New Brunswick to begin Covid-19 tests at border

SAINT-JACQUES, N.B. - The Province of New Brunswick plans to screen one in six truck drivers for Covid-19 as they cross the provincial border at Saint-Jacques, the Atlantic Provinces Trucking Association (APTA) reports. The voluntary program is set to begin by tomorrow. "They're pulling people over now if they're not a truck driver," says APTA executive director Jean-Marc Picard, referring to the ongoing border restrictions on anything but essential travel. "It's a good idea.

It's the only risk in the province right now."

The Covid-19 tests are voluntary, but the Atlantic Provinces Trucking Association (APTA) is encouraging fleets and drivers to participate. (Photo: iStock)

The province has not reported a new case of Covid-19 in more than two weeks, and has seen just two cases since April 18. There have been 120 confirmed cases in New Brunswick overall, and 21,144 tests have been conducted. The Route 2 crossing itself offers a good opportunity to collect samples because it is traveled by drivers coming from the U.S., Ontario and Quebec, Picard said.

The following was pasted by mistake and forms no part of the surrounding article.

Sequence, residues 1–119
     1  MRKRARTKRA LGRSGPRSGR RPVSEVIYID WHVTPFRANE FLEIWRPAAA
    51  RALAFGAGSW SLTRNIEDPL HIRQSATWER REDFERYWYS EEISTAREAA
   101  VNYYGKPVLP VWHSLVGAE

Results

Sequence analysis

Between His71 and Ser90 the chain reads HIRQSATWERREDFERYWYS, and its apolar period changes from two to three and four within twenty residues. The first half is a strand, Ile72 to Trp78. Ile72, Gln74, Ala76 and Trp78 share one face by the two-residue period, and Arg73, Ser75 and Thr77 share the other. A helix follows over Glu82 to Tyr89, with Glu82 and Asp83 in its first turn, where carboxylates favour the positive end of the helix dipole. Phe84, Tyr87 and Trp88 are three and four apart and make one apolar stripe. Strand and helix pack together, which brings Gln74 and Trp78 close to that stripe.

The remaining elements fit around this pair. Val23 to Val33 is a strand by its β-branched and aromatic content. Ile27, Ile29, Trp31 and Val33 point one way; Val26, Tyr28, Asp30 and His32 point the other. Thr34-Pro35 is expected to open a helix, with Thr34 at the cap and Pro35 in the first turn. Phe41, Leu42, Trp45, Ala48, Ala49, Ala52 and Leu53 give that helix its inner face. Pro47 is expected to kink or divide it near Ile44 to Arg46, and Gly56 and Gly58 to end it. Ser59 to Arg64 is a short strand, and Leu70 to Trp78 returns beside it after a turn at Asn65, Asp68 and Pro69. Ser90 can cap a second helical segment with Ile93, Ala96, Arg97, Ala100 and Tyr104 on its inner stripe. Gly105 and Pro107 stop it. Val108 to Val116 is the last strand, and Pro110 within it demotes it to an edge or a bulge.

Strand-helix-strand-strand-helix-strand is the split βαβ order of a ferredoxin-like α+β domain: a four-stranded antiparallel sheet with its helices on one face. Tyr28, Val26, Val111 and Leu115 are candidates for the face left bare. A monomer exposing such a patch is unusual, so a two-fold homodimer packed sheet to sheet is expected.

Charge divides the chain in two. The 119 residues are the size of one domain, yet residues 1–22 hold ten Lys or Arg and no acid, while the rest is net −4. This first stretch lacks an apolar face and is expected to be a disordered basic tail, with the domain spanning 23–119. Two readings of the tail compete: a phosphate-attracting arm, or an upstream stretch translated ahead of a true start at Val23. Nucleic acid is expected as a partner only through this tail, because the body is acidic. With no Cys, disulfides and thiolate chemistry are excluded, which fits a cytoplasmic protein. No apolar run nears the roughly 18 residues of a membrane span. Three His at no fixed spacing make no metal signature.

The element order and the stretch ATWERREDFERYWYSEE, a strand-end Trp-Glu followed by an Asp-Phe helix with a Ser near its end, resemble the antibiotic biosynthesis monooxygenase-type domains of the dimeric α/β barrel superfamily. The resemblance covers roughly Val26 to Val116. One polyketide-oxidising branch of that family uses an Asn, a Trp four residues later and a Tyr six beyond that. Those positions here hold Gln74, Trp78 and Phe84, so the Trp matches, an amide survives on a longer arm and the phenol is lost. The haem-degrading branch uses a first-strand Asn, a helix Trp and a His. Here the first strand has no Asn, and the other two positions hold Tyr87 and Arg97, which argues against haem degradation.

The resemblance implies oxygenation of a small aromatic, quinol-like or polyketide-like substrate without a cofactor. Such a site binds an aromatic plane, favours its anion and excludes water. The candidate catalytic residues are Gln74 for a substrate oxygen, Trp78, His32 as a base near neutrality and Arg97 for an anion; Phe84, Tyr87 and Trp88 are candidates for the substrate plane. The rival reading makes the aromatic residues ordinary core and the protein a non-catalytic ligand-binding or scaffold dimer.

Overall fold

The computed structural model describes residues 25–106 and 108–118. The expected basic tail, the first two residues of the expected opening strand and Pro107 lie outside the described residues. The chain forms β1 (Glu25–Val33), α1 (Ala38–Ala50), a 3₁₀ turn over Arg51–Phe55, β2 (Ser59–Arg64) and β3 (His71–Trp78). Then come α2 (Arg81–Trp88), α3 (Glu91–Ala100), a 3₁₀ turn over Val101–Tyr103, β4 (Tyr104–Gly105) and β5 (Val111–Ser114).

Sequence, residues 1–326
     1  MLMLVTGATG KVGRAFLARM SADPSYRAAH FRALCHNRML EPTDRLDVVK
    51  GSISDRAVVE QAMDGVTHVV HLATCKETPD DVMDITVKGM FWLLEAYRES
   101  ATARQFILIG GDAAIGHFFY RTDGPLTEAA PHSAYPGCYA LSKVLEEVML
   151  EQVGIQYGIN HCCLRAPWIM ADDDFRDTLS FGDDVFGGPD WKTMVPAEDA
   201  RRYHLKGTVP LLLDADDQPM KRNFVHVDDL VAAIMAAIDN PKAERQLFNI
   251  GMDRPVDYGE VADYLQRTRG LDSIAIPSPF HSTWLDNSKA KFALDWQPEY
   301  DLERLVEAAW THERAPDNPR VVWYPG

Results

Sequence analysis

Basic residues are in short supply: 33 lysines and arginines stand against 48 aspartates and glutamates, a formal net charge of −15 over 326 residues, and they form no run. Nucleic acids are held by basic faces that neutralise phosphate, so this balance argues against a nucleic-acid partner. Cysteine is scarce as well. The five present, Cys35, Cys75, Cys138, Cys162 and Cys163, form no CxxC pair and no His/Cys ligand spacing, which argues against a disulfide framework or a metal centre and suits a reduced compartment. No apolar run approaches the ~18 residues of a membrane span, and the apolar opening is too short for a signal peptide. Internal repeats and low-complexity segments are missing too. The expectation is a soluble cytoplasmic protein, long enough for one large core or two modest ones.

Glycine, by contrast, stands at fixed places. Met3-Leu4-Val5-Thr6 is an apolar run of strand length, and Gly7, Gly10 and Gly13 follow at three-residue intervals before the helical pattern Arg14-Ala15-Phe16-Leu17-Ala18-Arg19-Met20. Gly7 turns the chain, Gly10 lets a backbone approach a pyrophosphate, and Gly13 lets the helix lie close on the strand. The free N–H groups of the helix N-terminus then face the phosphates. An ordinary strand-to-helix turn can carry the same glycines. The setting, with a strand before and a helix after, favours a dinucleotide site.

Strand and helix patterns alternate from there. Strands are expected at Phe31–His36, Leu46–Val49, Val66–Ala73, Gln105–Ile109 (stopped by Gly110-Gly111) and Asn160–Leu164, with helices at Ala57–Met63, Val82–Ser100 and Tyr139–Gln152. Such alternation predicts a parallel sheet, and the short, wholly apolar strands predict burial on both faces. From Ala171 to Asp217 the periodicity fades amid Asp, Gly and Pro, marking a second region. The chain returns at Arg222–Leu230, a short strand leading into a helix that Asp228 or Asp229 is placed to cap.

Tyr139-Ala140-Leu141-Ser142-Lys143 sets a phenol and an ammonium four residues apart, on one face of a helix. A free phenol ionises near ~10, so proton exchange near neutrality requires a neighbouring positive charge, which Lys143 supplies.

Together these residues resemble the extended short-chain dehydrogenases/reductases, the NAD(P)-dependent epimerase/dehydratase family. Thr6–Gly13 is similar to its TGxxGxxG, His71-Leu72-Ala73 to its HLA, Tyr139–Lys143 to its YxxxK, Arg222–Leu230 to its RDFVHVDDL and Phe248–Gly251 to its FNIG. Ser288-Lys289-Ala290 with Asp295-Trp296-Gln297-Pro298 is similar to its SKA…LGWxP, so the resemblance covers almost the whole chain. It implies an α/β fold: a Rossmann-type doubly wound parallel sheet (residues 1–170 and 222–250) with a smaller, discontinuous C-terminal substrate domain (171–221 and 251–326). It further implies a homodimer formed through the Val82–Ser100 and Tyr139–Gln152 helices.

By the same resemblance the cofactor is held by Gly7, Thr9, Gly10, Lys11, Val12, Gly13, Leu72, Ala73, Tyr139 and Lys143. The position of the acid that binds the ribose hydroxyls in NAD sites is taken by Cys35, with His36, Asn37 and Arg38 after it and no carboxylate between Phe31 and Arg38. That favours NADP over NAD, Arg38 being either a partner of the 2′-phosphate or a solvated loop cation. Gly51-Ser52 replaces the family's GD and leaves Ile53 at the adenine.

The association executive director is also encouraging drivers to participate in the voluntary sampling, because limited numbers could lead to mandatory tests. "This will be on a voluntary basis and non-intrusive, but if all drivers refuse to get tested and they are unable to get any sample they will ultimately mandate this for our industry," Picard said in a bulletin distributed Thursday morning. "The province wants to assure our drivers that this is simply a precaution due to the fact that we are the only ones crossing the border right now." "As we move forward, we need to continue to adapt, learn and prepare for the next phase of our recovery," Chief Medical Officer of Health Dr.

Jennifer Russell said yesterday. "With each step we take, we are building resiliency, as individuals and as a province. As we adjust to each phase, there will be challenges that will test this resiliency. But as we figure out how to get through each situation, we will be stronger for the experience and better prepared for the challenges ahead."

"It is important to remember Covid-19 still poses a risk to our communities," Higgs said. "Quebec, Nova Scotia and Maine all have active cases of Covid-19, which is why we have chosen to keep our borders controlled at this time."

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